NYC bartenders using chat groups to warn each other about violent thugs


Beset by rampant crime and sluggish response times from police, New York City bartenders and bouncers are using private chat groups to warn each other of violent thugs and threats to staff and customers alike, Side Dish has learned. .

About three dozen East Village workers at Lucy’s, Doc Holliday’s, The Spotted Owl Tavern, Spikes, Beetle House, Phoenix Bar and Niagara shared information through an Instagram chat group about potential threats from criminals and other lowlifes inside and outside their bars. has started doing

In a recent text exchange shown to Side Dish, a group member posted a gruesome video of a scruffy-looking patron pushing his way into a bar, punching a bouncer and swinging a stool, even as he Mess was being done.

“This is the guy who brought me the stool. Seven stitches, blood and bruises,” wrote the bouncer, who asked not to be identified and his location.

“Came in during my day shift yesterday,” shouted another. “Decided to yell at me, walk around the whole bar and stare me down.”

Yet another employee said she called 911 fearing an imminent threat from the same thug — with the lack of a satisfactory response from police.

Evan Romero, a bartender at Lucy’s who also manages the popular Avenue A joint, said the main problem is that incidents are not prioritized by 911 unless the suspects are armed or violent.
Jesse Rice

“The [911 operator] He could actually be heard yelling in the background about how he was going to kill me and they were like ‘Hey is he still there? Do you need help?’ and then [the police] showed [up] 3 hours late,” complained the employee.

The complaints from frustrated workers come as the city’s nightlife continues to grapple with a wave of lawlessness since the pandemic.

Staff at the East Village bar banded together near the end of 2021 to form an Instagram chat group to protect themselves from threats like Earl Gumbs, who was accused of fatally beating bouncer Duane Patterson, 61, outside the Chelsea bar last Christmas Eve. was convicted.

Screenshot of group chat
Screenshot of group chat

Evan Romero, a bartender at Lucy’s who also manages the popular Avenue A joint, said the main problem is that incidents are not prioritized by 911 unless the suspects are armed or violent.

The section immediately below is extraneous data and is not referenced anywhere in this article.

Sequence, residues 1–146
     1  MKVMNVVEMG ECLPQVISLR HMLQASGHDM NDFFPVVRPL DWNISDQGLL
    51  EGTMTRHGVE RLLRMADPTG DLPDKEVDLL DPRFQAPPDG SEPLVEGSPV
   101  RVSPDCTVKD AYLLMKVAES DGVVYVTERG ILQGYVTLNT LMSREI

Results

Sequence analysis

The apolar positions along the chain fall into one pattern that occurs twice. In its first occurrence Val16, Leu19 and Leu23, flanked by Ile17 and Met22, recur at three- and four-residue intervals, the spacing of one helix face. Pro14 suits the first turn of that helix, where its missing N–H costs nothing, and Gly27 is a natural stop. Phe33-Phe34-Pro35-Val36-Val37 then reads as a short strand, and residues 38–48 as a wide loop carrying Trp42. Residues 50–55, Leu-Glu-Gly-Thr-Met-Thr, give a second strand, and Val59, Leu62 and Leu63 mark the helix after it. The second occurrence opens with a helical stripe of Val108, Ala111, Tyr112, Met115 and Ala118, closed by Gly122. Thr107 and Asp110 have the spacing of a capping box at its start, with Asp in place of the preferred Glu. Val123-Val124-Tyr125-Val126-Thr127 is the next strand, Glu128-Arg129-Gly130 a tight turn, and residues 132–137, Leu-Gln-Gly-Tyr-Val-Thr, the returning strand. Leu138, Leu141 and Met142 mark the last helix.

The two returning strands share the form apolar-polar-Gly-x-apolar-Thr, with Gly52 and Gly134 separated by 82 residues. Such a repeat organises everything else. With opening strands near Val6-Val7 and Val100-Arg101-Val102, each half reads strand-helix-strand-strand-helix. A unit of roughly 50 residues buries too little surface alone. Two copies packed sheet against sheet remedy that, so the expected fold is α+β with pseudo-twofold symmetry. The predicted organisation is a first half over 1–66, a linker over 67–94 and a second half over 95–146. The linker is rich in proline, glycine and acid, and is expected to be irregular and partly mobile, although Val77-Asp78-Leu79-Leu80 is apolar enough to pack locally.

“I’ll walk up to the precinct and they say, an hour later, that the 911 call is just coming in. And if they do show up, they’ll roll into a car and not get out. In that time there could have been a stabbing or a murder,” Romero added.

According to Romero, gumbus was a menace by many bartenders in the East Village.

“He would intimidate the young women working in the bar. Then he’d run away,” said Romero, who said he once had to “talk” Gumbs down after he kicked in a door and threatened to kill another bartender.

Gumbs, 37, was charged with manslaughter in Patterson’s death but was released pending trial. He was recently seen lurking in the East Village, and Gumbs sightings led to texts between chat group members.

Earl Gumbs was kicked out of the Midtown South Precinct in January.
Earl Gumbs was kicked out of the Midtown South Precinct in January.
William C. Lopez/NYPOST

“Be careful. Earl is around. I saw him last night at 4:30,” read a recent text message seen by Side Dish.

Many nightlife workers said looking out for violent people is now, sadly, part of the job.

In one group chat, a bartender posted a photo of someone he booted and then posted a warning to others. “[Name] Just kicked him out [bar name] He and his friend are about.

Another said: “Yeesh no pls be safe everyone coz her boys are the ones who had a gun once. Obviously idk if it’s the same guys but yeah.

In a Feb. 27 incident, a female bartender named Hannah at Lucy’s told Side Dish that she called 911 about a young man threatening her with a gun but had to wait two hours for police to arrive.

The juvenile boy came in, was refused service, started hitting on her and refused to leave, said Hannah, who did not want to give her last name.

“He became more aggressive. Then he started cursing and getting aggressive with the patrons who pushed him out,” Hannah said.

“Then he was outside, locked, and so he started banging on the door, and he opened everything in the trash and started throwing things at the windows. He found a wheelchair and started throwing it around and threatened to shoot through the window with a gun.

“I was on the phone to 911. I asked for an ETA. ‘Do you hear him? He’s threatening to shoot through the window.’ that [the 911 operator] He said asking for an ETA no one would come soon enough… The kid kept knocking on the door for about 30 minutes and no one showed up.”

Romero outside Lucy's on Avenue A.
“And if they show up, they’ll roll into a car and not get out,” Romero said of the police.
Jesse Rice

By the time police arrived, the teenager had fled, Hannah said, adding that she was grateful other bartenders showed up and helped.

A police spokesperson told Side Dish that the 911 call did not mention a weapon or a wheelchair, and calls are answered on a priority basis.

“This dispute was not a priority. Officers will respond and handle priority jobs first. At the time of the dispute, priority jobs were underway that included a knife dispute, a violent emotionally disturbed person, a shot-spotter activation, and a person fleeing a location,” the spokesperson said.

Romero said the community values ​​police and wants to see more of them — not less.

“We treat everyone like Starbucks,” Romero said. “There are psychopaths who go from bar to bar, and we need the police to come in to defuse situations before they kill people.”

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Chef Jeffrey Zakarian and family.
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